The problem seems to be one of appeal; kids are going to be drawn in by the big bright animation but are unlikely to care much about a story that “lurches towards a Marxist critique of corporate capitalism as Barry sues honey manufacturers for exploiting bee labour” (The Independent) or that raises questions like “Does work validate our lives, or negate them? Does the worker truly exist, or not?” (The Guardian). So what we actually have is a film that is masquerading as a kids movie but that’s mostly going to appeal to the legions of Seinfeld fans out there. And we’re a large army eager to see how his observational humour will work when animated and on the big screen.

Next up, Enchanted.

Enchanted is an oddly subversive Disney movie that takes all the clichéd elements that the House of Mouse has built its fame on: princesses, princes, witches, castles and the rest and then plucks them from their cartoon setting depositing them in modern day Manhattan. A brilliantly obvious concept. As ever the critics are split but they do all praise Amy Adams in the lead role. James Christopher in the Times loses his composure giving the film 4-stars and confessing:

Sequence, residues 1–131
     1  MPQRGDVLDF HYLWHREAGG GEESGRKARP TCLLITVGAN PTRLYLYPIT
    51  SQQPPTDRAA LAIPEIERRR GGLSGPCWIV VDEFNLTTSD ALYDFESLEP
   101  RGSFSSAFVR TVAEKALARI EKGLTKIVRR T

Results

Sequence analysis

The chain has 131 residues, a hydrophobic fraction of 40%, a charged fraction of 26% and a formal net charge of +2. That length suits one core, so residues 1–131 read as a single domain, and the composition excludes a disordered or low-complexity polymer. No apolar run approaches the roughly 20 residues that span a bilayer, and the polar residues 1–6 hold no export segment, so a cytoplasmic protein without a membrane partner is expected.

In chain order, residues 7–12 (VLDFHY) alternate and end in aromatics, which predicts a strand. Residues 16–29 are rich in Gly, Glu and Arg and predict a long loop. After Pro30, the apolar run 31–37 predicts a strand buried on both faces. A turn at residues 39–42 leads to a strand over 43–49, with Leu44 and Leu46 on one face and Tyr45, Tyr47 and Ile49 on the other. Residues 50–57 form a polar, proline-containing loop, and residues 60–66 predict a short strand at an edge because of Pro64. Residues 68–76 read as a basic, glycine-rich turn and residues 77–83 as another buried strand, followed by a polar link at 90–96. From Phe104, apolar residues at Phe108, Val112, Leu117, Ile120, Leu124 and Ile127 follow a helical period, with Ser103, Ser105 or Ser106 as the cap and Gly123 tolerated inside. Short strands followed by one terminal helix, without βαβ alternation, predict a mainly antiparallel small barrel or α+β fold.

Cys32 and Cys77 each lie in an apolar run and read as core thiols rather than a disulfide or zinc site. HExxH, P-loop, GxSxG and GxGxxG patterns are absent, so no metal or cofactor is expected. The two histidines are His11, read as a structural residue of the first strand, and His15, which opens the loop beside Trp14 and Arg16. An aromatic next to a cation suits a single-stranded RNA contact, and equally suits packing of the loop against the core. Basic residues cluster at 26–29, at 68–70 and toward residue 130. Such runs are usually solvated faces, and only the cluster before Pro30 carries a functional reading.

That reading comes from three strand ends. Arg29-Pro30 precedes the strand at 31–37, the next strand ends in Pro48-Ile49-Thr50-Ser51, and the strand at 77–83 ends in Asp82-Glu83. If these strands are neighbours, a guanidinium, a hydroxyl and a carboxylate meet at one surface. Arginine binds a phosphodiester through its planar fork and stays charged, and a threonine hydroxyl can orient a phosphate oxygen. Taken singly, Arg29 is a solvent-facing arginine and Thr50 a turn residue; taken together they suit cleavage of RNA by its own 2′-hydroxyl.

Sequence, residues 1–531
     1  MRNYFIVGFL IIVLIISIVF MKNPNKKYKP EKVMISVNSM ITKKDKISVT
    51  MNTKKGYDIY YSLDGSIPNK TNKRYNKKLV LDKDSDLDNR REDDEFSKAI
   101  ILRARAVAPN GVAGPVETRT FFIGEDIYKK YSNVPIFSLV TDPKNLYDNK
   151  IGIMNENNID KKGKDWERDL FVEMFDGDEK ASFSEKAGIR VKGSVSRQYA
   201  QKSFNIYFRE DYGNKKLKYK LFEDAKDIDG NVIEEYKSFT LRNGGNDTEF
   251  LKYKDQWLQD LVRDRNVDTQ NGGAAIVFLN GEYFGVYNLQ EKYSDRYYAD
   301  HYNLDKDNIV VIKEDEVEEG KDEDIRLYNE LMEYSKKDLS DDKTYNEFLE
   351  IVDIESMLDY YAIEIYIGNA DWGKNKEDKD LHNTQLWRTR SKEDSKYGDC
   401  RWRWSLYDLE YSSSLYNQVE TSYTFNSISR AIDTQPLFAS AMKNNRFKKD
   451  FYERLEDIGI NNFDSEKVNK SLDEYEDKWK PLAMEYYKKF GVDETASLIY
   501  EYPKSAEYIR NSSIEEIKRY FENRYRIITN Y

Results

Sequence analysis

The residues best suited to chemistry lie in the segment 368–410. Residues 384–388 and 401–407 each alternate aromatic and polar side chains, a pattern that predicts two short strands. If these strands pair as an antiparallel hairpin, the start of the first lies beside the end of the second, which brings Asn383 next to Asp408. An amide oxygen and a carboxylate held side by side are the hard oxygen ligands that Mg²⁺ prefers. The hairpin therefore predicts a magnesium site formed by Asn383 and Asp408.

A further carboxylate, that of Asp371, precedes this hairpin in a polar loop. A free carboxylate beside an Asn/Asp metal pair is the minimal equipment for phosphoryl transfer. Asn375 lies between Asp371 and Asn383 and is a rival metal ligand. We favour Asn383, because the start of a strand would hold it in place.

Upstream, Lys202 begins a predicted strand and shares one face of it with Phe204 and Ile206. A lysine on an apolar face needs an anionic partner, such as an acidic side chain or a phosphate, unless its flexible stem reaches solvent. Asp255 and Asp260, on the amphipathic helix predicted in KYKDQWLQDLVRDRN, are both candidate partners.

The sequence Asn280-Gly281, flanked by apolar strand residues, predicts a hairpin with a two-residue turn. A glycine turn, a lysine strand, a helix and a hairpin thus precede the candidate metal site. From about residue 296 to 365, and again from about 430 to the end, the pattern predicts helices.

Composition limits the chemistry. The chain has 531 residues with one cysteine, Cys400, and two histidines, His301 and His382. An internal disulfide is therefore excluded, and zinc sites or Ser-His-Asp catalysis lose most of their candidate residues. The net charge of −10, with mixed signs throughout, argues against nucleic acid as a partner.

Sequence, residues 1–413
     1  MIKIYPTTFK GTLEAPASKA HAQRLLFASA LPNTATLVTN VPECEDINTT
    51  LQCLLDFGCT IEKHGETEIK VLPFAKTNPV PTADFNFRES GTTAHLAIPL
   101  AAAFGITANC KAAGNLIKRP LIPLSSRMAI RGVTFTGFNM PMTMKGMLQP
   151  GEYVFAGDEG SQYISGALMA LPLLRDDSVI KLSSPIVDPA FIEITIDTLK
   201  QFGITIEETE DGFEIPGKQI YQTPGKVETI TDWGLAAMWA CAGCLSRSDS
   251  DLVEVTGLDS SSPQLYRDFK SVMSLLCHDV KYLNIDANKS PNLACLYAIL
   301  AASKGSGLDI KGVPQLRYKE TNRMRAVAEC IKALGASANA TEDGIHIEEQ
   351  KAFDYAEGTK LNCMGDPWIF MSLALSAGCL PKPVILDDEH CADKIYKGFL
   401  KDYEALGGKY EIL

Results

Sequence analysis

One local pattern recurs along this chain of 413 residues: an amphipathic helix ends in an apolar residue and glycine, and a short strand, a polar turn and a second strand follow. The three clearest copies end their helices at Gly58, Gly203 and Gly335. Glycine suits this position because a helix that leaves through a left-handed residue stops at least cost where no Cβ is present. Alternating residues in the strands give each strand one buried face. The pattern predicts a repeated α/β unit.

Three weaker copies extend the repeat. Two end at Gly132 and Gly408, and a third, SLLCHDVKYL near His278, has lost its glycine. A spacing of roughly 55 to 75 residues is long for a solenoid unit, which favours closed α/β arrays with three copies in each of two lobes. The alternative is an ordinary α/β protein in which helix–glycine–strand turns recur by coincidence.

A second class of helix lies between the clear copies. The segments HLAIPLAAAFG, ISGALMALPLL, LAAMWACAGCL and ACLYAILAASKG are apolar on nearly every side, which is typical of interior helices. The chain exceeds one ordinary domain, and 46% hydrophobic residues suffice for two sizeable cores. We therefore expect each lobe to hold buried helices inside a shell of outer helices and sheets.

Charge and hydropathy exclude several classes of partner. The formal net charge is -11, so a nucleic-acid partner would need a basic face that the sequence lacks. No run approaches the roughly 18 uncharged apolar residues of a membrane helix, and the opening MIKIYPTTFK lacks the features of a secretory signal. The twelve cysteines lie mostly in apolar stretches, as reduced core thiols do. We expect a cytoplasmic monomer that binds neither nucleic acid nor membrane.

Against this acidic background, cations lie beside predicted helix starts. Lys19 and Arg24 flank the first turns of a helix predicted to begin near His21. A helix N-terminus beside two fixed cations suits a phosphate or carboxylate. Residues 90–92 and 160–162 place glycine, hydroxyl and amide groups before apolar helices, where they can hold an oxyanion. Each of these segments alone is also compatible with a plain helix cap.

At this point I realised that the film could do no wrong. I started crying when Adams waltzed through Central Park with a perfectly stressed Dempsey, who had no inkling why total strangers should start assembling a musical number around him.

Crying critics? Unbelievable. Peter Bradshaw has a harder heart, giving the film only 2-stars saying that “the film assumes a beady-eyed and deeply humourless sentimentality” while The Independent gives the film 3-stars with the oddly cutting, “The time passes amiably enough: this is the only one of this week's children's films marked ‘Tolerable for Parents’.”